"They may have the mall," countered Sharpton, "but we have the message. They may have the platform but we have the dream."

"This is our day and we ain't giving it away," said Sharpton, who reminded the crowd that much civil rights progress has been seen in the last several decades but more needs to be made.

Sharpton warned conservative forces they'd face a fight in the upcoming elections, and called on people to turn out to vote this year as they did in 2008, when Obama was elected.

"We're coming out to fight and we're not going to let you turn back the clock," [Sharpton] said.

I honestly don't know what Sharpton is talking about when he says he's not going to let Beck (conservatives) "turn back the clock." I don't know any conservatives who want slavery reinstated, who aren't in favor of civil rights, who want Jim Crow reinstated, who don't want blacks to have the right to vote, who are against good schools for blacks, etc. Maybe there are a few, but these things definitely don't represent mainstream conservative thought, or mainstream Libertarian thought, or mainstream Tea Party thought. Conservatives, Libertarians, and Tea Partiers are FOR civil rights. The very heart of their platform is the notion that individual rights trump everything, even the government.

Al Sharpton doesn't have a monopoly on MLK's dream, and Beck certainly didn't hijack it, whatever that is supposed to mean. MLK's niece, Alveda King, spoke at Beck's rally, and said the following:

"My daddy, Rev. A.D. King, my granddaddy, Martin Luther King, Senior -- we are a family of faith, hope and love. And that's why I'm here today," King said. "Glenn says there is one human race, I agree with him. We are not here to divide. I'm about unity. That's why I'm here, and I want to honor my uncle today."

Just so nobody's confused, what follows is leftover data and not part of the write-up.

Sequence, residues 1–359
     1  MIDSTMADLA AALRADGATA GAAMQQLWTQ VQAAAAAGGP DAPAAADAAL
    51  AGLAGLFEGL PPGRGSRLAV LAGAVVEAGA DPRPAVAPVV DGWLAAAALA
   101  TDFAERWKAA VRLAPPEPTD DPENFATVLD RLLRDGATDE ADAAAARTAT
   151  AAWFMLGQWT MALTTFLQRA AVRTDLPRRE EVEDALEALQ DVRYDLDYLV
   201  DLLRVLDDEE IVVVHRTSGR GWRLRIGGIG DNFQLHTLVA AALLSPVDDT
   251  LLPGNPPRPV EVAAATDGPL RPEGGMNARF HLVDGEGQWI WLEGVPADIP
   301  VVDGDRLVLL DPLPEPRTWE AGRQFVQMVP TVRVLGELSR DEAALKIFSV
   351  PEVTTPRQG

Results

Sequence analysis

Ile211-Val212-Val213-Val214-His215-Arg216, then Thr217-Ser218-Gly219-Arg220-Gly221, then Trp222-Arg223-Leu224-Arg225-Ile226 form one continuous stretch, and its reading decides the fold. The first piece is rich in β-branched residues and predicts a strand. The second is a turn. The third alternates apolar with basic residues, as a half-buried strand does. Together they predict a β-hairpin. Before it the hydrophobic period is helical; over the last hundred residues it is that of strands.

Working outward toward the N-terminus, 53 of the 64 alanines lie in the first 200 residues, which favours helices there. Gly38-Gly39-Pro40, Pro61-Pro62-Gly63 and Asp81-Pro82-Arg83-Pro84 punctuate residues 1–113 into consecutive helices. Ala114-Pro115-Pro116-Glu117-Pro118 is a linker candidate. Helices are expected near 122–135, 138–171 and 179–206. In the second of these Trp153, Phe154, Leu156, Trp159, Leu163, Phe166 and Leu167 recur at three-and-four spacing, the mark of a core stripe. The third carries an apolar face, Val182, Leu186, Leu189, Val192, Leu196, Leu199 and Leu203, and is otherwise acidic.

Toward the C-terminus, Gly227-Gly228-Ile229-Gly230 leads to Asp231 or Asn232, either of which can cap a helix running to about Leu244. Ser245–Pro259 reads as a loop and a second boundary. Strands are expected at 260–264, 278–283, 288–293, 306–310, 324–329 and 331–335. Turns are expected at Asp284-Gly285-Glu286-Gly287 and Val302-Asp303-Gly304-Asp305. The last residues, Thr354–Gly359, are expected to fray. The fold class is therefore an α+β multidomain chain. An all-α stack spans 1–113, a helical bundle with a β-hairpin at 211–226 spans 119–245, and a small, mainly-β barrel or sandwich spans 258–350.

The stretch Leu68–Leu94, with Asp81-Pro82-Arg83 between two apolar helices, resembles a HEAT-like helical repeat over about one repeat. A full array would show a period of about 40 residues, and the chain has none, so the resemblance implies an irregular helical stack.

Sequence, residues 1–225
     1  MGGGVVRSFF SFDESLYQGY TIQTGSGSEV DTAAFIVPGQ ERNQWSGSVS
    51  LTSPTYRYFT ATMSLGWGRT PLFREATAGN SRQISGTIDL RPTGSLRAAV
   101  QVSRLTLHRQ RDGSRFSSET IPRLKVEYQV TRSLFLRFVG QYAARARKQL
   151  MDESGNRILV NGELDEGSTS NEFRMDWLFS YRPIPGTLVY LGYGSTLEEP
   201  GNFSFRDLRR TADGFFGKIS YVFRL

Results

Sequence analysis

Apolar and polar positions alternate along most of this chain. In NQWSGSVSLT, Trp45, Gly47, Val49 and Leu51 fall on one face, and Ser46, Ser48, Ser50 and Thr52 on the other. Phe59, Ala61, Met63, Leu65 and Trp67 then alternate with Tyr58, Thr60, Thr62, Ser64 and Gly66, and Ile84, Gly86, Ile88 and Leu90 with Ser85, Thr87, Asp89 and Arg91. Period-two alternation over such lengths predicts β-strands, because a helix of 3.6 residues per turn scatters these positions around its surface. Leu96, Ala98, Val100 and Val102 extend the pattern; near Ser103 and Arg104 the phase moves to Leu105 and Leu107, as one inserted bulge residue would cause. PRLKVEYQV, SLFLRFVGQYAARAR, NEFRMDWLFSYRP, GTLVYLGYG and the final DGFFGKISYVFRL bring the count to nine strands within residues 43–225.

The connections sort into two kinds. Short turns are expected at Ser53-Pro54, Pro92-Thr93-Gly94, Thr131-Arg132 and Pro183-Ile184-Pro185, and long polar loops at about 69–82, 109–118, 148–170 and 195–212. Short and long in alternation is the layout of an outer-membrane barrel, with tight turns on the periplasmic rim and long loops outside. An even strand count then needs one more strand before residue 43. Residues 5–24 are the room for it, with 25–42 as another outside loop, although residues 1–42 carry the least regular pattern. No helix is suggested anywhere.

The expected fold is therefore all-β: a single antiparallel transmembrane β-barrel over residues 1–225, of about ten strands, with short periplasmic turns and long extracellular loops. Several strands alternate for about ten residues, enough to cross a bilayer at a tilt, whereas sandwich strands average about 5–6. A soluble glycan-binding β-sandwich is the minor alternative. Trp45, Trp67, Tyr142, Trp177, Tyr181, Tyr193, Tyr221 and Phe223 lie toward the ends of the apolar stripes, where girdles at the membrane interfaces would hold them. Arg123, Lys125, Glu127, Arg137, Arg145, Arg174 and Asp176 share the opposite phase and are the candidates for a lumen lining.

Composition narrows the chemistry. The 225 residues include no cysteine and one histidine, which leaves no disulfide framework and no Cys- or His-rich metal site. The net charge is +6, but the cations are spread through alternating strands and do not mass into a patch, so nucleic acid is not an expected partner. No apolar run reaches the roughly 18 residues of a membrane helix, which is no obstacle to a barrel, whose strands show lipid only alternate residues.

There will be disagreements on political matters, big ones, but nobody is trying to hijack MLK's dream, turn back the clock, or whatever. If there are such people, they certainly are carrying 'Don't Tread On Me' flags, which represent individual liberty. There were lots of those at Beck's rally. I consider myself to be a fiscal conservative/libertarian, and Martin Luther King Jr. is one of my idols. The man was heroic, and gave everything for his dream, even his life. It wasn't easy for him to stand up in the segregated south back in his time. It was very dangerous, yet he did stand up, and changed the country for the better. When Beck spoke yesterday about moving forward together through the scars of the past, that is part of MLK's dream, even if Reverend Al doesn't want to hear it, even if Reverend Al wants to make MLK's dream his and nobody else's. Sorry, Reverend Al, that's not how it works.

But since this is a political blog, I will make one political statement of fact...Martin Luther King was a Republican.

Hijack that, Mr. Sharpton.